According to The Tao of Vagrant, a developer can simply run
vagrant up and have a complete development environment ready to go. This means that all the necessary software for each project being developed should be installed on the guest. This can be done one of two ways: baking the software into the box itself, or automatically installing the software as part of the development environment creation process. Provisioning does the latter.
In practice, the base boxes used by Vagrant are usually quite bare. The base box this book has been using in examples so far is a bare-bones Ubuntu 12.04 LTS installation. Only the minimal amount of software required to make it function with Vagrant (e.g., SSH) is installed.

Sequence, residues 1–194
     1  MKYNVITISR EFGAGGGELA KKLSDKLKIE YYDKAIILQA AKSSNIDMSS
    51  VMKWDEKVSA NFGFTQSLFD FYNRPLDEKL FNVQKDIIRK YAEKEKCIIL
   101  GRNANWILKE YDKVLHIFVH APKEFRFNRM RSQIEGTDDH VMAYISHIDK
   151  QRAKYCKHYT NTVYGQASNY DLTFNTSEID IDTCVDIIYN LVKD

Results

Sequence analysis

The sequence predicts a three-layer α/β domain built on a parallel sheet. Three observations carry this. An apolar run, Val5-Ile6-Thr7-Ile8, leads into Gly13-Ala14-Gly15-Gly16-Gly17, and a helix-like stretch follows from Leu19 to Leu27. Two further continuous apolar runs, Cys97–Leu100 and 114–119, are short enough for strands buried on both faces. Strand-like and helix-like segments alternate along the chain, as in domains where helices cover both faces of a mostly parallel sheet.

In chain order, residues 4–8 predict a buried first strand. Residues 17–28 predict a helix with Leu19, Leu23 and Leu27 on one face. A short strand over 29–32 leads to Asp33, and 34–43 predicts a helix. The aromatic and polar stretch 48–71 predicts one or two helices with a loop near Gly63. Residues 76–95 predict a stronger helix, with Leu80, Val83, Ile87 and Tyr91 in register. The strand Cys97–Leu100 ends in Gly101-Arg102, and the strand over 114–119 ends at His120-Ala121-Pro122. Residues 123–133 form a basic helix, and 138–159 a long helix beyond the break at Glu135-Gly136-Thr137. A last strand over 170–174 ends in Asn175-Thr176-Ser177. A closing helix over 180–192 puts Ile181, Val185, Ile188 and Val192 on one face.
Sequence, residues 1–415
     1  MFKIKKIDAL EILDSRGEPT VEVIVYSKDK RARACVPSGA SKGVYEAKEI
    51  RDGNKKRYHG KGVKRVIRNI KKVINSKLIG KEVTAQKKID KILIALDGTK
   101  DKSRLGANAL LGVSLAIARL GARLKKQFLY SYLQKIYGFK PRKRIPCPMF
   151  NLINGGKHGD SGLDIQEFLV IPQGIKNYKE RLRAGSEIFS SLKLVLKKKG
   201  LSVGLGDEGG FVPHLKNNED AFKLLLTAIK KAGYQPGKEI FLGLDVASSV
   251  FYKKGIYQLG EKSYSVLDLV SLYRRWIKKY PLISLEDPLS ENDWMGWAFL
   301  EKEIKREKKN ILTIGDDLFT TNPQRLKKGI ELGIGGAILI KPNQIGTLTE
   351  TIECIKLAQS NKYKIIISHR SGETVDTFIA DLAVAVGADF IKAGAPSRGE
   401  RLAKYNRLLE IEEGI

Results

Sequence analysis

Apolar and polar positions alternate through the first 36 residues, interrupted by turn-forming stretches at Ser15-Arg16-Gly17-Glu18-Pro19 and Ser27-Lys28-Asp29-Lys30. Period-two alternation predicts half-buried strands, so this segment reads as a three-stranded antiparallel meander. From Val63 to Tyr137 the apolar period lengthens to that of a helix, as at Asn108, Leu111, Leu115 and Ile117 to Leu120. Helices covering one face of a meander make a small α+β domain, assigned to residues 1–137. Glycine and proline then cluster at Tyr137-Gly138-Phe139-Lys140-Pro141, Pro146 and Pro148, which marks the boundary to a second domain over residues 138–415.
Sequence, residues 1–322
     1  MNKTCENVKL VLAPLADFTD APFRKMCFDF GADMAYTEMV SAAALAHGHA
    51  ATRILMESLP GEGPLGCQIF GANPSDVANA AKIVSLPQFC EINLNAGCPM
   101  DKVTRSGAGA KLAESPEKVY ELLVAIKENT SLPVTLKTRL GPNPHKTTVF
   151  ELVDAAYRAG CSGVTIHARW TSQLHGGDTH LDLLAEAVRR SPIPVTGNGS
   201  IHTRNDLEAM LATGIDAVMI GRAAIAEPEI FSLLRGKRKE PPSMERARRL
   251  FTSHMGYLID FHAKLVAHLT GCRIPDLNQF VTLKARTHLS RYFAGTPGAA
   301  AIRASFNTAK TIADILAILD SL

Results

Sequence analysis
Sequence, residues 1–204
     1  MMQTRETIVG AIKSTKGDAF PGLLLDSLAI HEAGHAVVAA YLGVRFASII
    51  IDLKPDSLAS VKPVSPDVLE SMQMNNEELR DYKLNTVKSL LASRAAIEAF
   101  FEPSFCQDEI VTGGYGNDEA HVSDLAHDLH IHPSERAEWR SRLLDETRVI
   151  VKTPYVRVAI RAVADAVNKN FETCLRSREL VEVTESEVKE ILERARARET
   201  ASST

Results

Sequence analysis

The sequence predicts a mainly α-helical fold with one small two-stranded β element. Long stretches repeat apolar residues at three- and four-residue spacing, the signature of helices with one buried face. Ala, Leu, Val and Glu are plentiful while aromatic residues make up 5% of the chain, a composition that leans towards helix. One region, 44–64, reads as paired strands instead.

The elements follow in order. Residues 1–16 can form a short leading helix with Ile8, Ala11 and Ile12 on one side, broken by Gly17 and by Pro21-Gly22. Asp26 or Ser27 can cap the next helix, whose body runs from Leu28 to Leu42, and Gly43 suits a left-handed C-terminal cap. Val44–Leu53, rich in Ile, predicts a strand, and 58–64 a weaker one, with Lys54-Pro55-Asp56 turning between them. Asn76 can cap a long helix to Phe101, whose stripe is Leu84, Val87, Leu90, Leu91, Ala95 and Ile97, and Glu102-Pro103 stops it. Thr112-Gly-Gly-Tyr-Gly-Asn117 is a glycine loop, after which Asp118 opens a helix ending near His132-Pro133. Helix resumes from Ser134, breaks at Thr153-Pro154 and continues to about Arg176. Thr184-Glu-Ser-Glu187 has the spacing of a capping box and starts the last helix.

The problem of installing software on a booted system is known as provisioning, and is often the job of shell scripts, configuration management systems, or manual command-line entry.
Vagrant supports automated provisioning, and will run configured provisioners on every
vagrant up so that the necessary software and configurations needed to run the project being developed in the Vagrant environment are all properly prepared.
Out of the box, Vagrant supports provisioning with shell scripts, Chef, or Puppet. Additional provisioners can be added via plug-ins if your organization requires it.
In this chapter, we’ll set up Apache to serve static files from the Vagrant shared folder. In the previous chapter, we did this by manually running Python’s ...